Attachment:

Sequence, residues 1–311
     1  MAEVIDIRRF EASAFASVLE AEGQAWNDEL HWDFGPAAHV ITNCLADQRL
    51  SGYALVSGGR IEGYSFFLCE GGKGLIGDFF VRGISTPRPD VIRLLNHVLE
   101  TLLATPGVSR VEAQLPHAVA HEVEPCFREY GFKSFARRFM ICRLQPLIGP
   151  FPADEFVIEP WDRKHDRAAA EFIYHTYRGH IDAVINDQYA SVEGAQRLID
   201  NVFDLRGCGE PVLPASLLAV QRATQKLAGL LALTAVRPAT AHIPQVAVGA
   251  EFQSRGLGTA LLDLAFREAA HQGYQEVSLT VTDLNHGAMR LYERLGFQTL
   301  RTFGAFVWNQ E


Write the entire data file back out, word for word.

Sequence, residues 1–311
     1  MAEVIDIRRF EASAFASVLE AEGQAWNDEL HWDFGPAAHV ITNCLADQRL
    51  SGYALVSGGR IEGYSFFLCE GGKGLIGDFF VRGISTPRPD VIRLLNHVLE
   101  TLLATPGVSR VEAQLPHAVA HEVEPCFREY GFKSFARRFM ICRLQPLIGP
   151  FPADEFVIEP WDRKHDRAAA EFIYHTYRGH IDAVINDQYA SVEGAQRLID
   201  NVFDLRGCGE PVLPASLLAV QRATQKLAGL LALTAVRPAT AHIPQVAVGA
   251  EFQSRGLGTA LLDLAFREAA HQGYQEVSLT VTDLNHGAMR LYERLGFQTL
   301  RTFGAFVWNQ E